I think it is too late and in fact these actions are likely to assure that is what will occur - maybe sooner than they believe likely.

Some may suggest there are more sinister geo-political priorities at work that would allow us to make sense out of the global policy uncertainty. I will leave that for another discussion.



Let's step back for a moment and consider the impact the size of the global debt is currently having on all countries. I have shown this chart in prior monthly reports so I will simply highlight what is important here.

  • The central banks of the EU, England and Japan are fundamentally currently making up for the short fall in economic growth required to support the global debt burden,
  •  Debt continues to grow while GDP growth is failing to grow. This trend suggests that we can see Central Banks being forced to increase the level of support going forward - not shrink it via the guidance they are currently giving us,
  • Inflation is failing to materialize which would lessen the burden of existing debt.


The recent US Federal Reserve's QT (Quantitative Tightening) announcement amounted to a pace so slow that they'll still have boatloads of bonds on board when the next recession strikes. The guess is they'll be buying again long before they finish normalizing the balance sheet (whatever that really means). Looking at the Fed's disclosed projections, which anticipate the Fed to continue normalizing until 2020, or well past the point the next recession is expected, skepticism is certainly warranted.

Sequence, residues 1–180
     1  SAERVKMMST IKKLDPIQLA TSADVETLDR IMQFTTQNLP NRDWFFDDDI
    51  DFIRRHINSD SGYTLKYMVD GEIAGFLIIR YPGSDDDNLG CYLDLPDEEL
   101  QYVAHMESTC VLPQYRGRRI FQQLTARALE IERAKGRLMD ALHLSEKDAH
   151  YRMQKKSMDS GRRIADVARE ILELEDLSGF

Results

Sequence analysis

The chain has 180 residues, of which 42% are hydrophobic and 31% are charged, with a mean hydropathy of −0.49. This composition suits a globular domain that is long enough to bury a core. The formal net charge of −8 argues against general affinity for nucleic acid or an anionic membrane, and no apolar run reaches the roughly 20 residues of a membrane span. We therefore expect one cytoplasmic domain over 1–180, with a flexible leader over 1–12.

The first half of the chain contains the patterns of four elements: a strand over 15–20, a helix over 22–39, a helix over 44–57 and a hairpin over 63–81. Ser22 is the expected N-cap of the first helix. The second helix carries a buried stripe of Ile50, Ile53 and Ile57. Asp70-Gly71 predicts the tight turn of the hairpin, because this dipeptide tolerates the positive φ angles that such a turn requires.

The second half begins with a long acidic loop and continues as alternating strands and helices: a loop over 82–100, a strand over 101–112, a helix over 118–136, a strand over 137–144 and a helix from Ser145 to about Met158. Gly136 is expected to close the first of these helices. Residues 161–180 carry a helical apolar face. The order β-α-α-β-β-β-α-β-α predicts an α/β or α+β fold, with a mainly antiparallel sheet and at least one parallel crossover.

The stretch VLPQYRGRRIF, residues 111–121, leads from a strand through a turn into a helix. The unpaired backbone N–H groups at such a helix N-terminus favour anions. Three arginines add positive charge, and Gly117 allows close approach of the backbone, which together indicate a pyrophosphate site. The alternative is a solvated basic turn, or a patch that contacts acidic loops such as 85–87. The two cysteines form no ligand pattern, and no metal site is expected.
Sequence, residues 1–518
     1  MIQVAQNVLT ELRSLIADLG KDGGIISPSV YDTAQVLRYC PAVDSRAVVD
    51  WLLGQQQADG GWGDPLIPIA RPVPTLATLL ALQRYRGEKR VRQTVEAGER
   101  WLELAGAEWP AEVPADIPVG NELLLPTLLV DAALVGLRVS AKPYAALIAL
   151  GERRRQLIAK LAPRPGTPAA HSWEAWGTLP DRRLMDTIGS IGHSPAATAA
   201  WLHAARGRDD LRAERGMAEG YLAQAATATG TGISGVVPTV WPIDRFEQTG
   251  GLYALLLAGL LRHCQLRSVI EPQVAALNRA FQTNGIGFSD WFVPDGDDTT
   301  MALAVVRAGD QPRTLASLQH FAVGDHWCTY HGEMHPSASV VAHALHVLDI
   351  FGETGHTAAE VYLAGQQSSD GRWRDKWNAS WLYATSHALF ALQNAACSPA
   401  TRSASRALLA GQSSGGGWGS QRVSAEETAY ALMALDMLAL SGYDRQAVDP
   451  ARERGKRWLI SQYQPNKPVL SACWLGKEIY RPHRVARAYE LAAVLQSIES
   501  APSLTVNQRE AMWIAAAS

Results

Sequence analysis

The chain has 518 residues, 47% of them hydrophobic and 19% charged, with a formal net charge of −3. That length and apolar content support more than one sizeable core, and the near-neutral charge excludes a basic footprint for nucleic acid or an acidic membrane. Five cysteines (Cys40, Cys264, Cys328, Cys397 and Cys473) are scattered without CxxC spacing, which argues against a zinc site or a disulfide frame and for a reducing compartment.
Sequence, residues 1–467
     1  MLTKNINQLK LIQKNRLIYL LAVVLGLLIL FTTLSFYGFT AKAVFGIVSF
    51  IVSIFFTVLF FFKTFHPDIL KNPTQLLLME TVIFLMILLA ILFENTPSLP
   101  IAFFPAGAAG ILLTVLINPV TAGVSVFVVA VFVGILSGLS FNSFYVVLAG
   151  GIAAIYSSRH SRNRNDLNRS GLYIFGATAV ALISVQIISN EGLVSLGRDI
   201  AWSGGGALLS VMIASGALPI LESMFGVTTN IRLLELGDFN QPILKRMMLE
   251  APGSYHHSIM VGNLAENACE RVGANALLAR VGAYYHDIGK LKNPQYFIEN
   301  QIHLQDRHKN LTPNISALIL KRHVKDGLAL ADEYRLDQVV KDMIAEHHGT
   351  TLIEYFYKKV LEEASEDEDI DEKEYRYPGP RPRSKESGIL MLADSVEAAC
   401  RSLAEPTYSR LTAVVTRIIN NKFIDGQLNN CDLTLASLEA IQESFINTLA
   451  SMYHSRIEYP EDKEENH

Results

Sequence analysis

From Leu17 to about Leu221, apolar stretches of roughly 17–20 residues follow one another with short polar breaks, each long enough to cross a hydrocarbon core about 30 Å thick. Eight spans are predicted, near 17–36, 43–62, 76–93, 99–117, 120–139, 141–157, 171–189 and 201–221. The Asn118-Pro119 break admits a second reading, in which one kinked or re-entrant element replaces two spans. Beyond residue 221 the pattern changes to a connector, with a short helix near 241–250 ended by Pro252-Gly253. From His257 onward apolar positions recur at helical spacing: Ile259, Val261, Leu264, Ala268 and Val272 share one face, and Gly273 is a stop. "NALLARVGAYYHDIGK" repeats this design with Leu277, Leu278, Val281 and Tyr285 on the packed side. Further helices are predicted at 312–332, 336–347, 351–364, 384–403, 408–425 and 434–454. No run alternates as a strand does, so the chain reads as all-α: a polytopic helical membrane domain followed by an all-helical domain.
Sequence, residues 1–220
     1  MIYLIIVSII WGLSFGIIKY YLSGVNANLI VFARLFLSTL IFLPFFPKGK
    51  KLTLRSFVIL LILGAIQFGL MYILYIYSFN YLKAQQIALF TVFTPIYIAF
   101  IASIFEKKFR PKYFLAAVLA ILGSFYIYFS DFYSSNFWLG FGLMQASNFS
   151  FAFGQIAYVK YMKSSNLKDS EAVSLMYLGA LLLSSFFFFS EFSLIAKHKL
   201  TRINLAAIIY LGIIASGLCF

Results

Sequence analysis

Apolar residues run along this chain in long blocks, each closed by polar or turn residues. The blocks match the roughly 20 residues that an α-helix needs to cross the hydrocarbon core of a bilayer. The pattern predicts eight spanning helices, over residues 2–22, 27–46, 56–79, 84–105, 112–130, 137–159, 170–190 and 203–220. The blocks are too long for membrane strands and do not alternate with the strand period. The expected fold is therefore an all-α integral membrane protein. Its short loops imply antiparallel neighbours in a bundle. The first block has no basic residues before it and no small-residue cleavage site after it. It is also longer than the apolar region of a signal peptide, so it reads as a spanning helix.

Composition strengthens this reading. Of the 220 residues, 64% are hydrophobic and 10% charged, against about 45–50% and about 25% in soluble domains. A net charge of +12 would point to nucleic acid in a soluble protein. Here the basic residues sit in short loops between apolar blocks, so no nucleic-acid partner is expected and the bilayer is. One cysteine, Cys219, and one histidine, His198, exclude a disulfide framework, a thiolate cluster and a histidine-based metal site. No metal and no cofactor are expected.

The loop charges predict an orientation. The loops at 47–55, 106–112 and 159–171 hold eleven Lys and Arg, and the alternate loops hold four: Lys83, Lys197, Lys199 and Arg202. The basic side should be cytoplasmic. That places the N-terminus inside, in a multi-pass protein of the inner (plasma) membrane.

The market reaction has the level of rates two years down the road almost exactly where it was before the Fed hiked, and risk assets around the world are rallying again as the ‘carry party' resumes.


When the US completed "TAPER"  and QE3 ended, world stock returns ex-US stocks exhibited significantly different performance.


Since then you can see from the "pink" line the growth in the US balance sheet has been flat while that of the BOJ and ECB has risen dramatically and as such all three balance sheets now approximate $4.5T.


On a aggregate basis this is shown here and we see the slopes of the red highlight lines for for the BOJ and ECB rising significantly at that point as they stepped into the "lurch" on a global basis.


The other central banks stepped up to nearly $200B/Mo. The US market subsequently shot up on the Trump victory and expectations of tax reform, stimulus spending and regulatory reduction.


We now see that the World stocks have been outperforming US stocks on a relative basis to reflect the increase in the G3 (non US) balance sheets


As I have indicated in prior presentations the central banks established a run rate in May approaching $300B/Mo as in my opinion, they attempted to quell the global trade and credit slowdown.